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Doing democracy through simulation, deliberation, and inquiry with elementary students

Doing democracy through simulation, deliberation, and inquiry with elementary students <jats:sec> <jats:title content-type="abstract-subheading">Purpose</jats:title> <jats:p>Democracy is learned through doing, not telling. The purpose of this paper is to report the findings from an action research project where a group of fourth-grade students participated in a simulation that explored the possibilities and the constraints of acting democratically, while faced with the dilemmas of environmental disaster and establishing a new society.</jats:p> </jats:sec> <jats:sec> <jats:title content-type="abstract-subheading">Design/methodology/approach</jats:title> <jats:p>The authors studied how participating students engaged in deliberations and self-directed inquiry. The authors focused the data collection on the responses of students to the challenges presented in the simulation.</jats:p> </jats:sec> <jats:sec> <jats:title content-type="abstract-subheading">Findings</jats:title> <jats:p>Based on the analysis of student work during the simulation and reflection on the simulation after the project, the authors documented the ways in which students critiqued authority or expressed their distrust in it, engaged in difficult deliberations around controversial issues, and developed expanded agency through inquiry-based learning.</jats:p> </jats:sec> <jats:sec> <jats:title content-type="abstract-subheading">Originality/value</jats:title> <jats:p>This paper presented a model of inquiry learning that can be critical, i.e. examining issues of power and justice, while engaging in deliberation via a simulation that integrated social studies and English language arts. Creating space for young students to deliberate issues, steeped in values, and ethics, allows them to recognize the inherent tension and dissension necessary to a healthy democracy.</jats:p> </jats:sec> http://www.deepdyve.com/assets/images/DeepDyve-Logo-lg.png Social Studies Research and Practice CrossRef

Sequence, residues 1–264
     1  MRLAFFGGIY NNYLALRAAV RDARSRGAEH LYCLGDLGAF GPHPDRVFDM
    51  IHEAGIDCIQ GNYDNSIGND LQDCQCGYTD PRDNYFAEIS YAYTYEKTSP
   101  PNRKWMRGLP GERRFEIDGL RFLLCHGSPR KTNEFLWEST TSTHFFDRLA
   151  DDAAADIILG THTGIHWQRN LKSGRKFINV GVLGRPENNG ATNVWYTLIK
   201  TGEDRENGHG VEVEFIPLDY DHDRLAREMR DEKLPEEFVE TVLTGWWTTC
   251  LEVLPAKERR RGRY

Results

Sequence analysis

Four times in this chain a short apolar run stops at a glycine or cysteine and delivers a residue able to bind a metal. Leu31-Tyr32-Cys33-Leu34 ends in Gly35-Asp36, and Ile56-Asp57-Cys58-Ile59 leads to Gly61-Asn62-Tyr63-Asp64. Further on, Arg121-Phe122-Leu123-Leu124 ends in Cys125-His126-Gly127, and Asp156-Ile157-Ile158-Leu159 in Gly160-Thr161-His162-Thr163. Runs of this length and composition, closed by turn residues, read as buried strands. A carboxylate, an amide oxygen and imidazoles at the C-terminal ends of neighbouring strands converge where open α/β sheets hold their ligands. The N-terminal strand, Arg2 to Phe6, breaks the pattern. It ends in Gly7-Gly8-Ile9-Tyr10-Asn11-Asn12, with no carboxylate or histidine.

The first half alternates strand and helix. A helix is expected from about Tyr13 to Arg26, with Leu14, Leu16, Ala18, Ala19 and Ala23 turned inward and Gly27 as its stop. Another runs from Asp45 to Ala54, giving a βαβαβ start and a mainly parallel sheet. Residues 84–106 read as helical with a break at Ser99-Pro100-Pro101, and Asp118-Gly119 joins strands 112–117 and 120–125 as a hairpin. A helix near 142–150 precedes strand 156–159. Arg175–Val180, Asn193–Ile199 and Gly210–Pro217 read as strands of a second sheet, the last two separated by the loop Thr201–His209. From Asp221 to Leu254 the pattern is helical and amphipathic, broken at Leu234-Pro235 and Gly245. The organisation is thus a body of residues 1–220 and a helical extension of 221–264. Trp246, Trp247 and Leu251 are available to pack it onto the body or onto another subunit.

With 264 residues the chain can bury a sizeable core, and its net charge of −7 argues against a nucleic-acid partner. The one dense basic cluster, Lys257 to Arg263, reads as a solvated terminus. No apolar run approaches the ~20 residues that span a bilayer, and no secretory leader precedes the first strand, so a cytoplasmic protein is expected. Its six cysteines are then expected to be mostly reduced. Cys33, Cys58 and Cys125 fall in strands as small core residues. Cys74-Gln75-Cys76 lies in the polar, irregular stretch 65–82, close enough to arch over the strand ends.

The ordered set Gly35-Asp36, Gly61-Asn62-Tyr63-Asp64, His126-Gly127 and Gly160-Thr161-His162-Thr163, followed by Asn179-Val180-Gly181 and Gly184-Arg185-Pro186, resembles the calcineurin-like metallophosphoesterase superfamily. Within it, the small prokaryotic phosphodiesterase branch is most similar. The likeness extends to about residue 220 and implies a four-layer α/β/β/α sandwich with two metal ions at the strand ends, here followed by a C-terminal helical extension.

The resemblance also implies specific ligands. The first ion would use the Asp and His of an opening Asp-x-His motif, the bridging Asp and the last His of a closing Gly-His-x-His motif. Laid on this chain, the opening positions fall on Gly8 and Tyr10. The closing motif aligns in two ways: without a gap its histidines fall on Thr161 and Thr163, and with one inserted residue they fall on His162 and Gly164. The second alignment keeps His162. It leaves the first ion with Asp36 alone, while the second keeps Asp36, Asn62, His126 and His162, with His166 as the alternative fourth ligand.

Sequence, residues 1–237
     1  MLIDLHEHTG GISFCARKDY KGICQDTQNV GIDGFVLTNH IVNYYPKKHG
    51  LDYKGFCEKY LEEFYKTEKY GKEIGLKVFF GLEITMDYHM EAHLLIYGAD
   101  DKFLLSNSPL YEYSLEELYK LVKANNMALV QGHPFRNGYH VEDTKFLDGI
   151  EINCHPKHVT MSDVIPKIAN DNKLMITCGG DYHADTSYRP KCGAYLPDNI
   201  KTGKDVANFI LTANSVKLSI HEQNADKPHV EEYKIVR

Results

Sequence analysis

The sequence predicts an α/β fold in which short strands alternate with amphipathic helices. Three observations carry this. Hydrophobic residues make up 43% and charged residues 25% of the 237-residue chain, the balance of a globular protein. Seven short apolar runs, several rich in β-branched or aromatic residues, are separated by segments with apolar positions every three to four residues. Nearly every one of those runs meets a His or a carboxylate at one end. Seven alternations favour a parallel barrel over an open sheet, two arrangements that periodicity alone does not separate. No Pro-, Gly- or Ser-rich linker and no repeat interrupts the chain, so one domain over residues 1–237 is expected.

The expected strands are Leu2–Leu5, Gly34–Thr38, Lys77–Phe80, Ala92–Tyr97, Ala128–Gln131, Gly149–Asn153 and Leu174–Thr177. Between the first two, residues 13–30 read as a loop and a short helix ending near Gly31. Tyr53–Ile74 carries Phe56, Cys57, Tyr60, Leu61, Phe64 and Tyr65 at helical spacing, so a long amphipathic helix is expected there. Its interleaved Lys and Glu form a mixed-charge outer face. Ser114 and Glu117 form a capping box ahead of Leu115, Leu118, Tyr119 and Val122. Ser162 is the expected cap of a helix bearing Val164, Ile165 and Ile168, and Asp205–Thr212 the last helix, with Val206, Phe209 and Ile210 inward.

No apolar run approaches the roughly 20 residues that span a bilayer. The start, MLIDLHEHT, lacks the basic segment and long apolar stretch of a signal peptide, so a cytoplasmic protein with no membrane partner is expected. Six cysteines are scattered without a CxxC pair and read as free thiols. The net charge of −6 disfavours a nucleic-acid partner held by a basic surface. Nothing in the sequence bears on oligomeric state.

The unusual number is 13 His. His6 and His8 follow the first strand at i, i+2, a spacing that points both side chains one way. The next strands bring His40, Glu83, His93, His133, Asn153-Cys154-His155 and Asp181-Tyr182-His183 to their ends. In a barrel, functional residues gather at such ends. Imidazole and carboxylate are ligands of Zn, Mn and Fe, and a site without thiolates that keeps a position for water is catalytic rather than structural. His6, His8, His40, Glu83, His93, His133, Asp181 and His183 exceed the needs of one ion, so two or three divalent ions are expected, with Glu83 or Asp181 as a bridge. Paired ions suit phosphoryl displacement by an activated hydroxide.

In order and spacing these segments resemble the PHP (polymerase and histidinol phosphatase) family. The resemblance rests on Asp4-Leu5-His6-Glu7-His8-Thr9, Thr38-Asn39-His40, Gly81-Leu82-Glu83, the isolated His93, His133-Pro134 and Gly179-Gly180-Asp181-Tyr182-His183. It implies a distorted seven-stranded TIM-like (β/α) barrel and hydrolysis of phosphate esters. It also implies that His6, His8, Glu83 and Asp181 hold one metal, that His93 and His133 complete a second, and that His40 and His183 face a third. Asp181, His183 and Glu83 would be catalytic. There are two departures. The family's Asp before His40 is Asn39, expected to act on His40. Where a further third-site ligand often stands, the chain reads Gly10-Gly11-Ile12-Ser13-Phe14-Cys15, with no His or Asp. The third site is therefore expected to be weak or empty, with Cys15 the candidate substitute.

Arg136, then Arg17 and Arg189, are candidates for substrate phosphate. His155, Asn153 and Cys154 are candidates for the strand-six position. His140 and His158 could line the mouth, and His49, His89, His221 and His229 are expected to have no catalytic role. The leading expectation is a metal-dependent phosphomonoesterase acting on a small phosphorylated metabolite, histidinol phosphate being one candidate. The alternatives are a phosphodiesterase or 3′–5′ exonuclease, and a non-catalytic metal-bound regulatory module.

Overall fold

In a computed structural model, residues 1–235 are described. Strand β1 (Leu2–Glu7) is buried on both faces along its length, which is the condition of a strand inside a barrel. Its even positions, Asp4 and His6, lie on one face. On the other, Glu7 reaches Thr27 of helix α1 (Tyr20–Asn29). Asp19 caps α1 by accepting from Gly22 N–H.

Doing democracy through simulation, deliberation, and inquiry with elementary students

Social Studies Research and Practice , Volume 12 (1): 56-69 – May 23, 2017

Doing democracy through simulation, deliberation, and inquiry with elementary students


Abstract

<jats:sec>
<jats:title content-type="abstract-subheading">Purpose</jats:title>
<jats:p>Democracy is learned through doing, not telling. The purpose of this paper is to report the findings from an action research project where a group of fourth-grade students participated in a simulation that explored the possibilities and the constraints of acting democratically, while faced with the dilemmas of environmental disaster and establishing a new society.</jats:p>
</jats:sec>
<jats:sec>
<jats:title content-type="abstract-subheading">Design/methodology/approach</jats:title>
<jats:p>The authors studied how participating students engaged in deliberations and self-directed inquiry. The authors focused the data collection on the responses of students to the challenges presented in the simulation.</jats:p>